WASHINGTON - Small business optimism rose to a one year-high in May, a hopeful sign for an economy that has hit a soft patch.
BEIJING/HONG KONG - China reiterated its opposition on Thursday to a European Union plan to limit airline carbon dioxide emissions and called for talks to resolve the issue a day after its major airlines refused to pay any carbon costs under the new law.
Japan Airlines expects IPO to raise $8.5 billion
TOKYO (Reuters) - Japan Airlines said on Friday it expected to raise about $8.5 billion in an initial public offering next month, nearly doubling the investment of a state-backed fund that injected capital into the carrier following its bankruptcy in 2010.
The IPO is set to be the world's second-largest this year after the $16 billion offering of social networking pioneer Facebook FB.N.
The Tokyo Stock Exchange on Friday gave the green light for a relisting of Japan Airlines' (JAL) stock on September 19, less than three years after the former national flag carrier collapsed under the weight of a bloated cost base and $25 billion in debt.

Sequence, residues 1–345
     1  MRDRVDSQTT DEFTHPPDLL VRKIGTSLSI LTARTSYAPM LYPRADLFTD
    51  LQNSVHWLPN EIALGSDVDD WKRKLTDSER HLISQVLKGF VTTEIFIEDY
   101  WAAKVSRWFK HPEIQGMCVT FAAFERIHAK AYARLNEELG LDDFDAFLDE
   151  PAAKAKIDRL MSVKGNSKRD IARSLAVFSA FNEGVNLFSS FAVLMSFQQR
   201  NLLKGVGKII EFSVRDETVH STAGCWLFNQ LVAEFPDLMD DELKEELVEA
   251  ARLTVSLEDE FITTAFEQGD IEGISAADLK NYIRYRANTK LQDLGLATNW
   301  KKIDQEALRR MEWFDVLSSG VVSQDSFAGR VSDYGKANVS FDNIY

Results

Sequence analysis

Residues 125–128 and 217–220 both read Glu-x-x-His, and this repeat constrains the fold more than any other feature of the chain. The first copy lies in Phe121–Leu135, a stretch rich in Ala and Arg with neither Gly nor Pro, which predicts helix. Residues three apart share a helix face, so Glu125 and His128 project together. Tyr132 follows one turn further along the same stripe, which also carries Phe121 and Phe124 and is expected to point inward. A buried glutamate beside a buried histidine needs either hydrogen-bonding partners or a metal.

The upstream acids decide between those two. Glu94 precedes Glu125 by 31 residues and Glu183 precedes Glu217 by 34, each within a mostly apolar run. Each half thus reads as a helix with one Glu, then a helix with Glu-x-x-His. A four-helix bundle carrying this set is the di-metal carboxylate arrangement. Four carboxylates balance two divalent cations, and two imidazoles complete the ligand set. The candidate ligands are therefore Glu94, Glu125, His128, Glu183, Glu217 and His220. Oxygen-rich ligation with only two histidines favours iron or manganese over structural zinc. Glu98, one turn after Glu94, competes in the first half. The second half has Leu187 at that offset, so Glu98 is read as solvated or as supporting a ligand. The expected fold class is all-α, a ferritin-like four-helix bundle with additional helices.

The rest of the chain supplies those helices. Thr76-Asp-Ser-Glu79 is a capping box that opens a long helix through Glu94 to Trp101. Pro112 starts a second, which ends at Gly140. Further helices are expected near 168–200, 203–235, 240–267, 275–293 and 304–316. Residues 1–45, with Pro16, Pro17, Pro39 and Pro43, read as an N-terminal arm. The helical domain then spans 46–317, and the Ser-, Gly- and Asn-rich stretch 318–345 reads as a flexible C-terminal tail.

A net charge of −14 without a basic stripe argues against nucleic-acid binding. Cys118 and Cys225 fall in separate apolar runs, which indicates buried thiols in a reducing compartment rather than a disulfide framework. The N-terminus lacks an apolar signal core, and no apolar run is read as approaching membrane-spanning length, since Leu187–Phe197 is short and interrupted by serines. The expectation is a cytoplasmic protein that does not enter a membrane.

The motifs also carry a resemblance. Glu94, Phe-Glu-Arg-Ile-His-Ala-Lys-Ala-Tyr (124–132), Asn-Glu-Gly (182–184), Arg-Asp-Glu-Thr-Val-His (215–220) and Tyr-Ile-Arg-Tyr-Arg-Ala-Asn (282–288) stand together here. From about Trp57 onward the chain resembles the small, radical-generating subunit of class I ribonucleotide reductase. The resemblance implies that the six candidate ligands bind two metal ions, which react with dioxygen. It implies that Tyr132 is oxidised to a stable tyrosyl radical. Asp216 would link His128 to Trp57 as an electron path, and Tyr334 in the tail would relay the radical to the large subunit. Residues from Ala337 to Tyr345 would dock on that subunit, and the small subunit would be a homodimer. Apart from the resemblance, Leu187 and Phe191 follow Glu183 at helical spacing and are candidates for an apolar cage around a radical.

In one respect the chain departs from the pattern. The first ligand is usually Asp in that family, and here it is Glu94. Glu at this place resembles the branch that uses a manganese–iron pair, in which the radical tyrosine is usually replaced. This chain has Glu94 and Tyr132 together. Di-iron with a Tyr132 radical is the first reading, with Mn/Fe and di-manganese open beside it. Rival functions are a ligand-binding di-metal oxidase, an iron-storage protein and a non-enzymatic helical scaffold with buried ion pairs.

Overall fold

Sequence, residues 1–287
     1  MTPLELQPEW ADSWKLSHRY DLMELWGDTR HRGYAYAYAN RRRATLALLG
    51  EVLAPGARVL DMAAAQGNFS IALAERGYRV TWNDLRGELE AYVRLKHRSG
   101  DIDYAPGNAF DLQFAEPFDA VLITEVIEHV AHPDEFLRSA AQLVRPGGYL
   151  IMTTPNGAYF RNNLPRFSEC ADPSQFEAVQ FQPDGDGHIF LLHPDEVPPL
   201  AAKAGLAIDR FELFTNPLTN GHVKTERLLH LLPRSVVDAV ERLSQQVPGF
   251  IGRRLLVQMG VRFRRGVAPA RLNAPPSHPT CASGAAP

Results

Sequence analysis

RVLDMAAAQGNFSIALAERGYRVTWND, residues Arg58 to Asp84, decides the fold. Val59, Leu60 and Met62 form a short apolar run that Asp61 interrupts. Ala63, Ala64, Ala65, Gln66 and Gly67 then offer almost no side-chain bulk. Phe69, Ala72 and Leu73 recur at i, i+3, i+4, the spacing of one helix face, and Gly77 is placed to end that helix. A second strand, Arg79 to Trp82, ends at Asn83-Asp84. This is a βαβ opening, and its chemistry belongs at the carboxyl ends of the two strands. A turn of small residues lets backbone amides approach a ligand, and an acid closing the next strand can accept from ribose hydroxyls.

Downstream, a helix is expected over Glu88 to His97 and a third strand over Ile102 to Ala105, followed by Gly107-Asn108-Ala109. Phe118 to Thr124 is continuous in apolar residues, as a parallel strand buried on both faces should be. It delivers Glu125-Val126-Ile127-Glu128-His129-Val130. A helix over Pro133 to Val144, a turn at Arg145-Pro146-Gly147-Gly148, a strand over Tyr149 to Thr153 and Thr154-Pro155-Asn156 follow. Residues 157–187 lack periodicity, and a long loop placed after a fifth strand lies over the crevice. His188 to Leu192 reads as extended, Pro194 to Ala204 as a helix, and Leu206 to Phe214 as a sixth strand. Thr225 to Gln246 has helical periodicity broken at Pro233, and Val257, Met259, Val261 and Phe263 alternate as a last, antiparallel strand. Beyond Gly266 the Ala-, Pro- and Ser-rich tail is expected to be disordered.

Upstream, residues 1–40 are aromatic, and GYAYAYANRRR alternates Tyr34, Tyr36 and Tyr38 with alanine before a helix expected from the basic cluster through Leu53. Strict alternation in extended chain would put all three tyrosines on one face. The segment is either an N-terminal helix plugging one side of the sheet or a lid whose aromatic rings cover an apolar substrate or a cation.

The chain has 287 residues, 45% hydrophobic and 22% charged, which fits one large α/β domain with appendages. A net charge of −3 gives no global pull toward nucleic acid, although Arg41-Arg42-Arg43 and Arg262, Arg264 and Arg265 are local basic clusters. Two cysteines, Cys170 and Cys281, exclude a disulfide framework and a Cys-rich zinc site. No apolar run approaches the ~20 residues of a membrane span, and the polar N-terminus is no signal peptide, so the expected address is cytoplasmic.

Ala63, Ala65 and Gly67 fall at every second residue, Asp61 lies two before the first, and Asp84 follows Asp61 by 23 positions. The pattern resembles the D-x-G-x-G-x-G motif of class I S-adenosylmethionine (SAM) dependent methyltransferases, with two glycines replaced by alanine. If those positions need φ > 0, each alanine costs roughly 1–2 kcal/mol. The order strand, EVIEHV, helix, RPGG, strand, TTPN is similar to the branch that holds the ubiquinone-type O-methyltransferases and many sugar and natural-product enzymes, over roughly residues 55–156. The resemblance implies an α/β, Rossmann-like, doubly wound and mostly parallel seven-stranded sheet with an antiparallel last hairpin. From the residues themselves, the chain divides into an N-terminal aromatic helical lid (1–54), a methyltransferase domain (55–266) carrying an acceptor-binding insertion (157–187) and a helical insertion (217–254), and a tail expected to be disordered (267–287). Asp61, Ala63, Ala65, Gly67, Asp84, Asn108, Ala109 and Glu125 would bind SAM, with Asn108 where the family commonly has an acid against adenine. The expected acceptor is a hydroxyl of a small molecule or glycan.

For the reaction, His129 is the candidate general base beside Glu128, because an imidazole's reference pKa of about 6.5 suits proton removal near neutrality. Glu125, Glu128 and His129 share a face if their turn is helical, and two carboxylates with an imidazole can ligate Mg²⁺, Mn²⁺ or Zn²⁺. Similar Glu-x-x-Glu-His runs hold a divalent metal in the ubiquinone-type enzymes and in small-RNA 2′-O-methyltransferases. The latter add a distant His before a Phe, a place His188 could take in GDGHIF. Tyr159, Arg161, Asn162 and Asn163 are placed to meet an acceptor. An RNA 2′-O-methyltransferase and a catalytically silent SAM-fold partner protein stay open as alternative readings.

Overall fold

In a regulatory filing, the airline gave an estimated price per share of 3,790 yen. That would value the stake held by the state-backed fund, which is planning to sell all of its shares in the IPO, at 663 billion yen ($8.5 billion).
That estimate is in line with expectations. Sources with knowledge of the matter had told Reuters that the Enterprise Turnaround Initiative Corporation of Japan (ETIC) was eyeing an IPO of 600 billion to 700 billion yen. The fund injected 350 billion yen of taxpayer-backed funds into the carrier in 2010.
JAL said that it would decide on the final IPO price on September 10 after gauging investor demand during a one-week book-building period. Three-fourths of the shares will be placed with Japanese investors and the remainder overseas.
JAL has emerged from bankruptcy as the most profitable airline in the world, after a massive restructuring that eliminated about a third of its workforce, scrapped unprofitable routes and slashed pensions.
The airline has also taken advantage of a lower interest burden stemming from debt waivers, a drop in depreciation costs from a write-down of its fleet, and a $4.5 billion tax credit that means it is unlikely to pay corporate tax for several years.
On Thursday, Japan Airlines reported a more than doubling of net income to 26.9 billion yen for the April-June on sales of 286.7 billion yen, up 12.5 percent. That builds on a strong showing in the full year ended in March when it booked an industry-leading operating profit of 205 billion yen.
(Reporting by Nathan Layne; Editing by Edmund Klamann)
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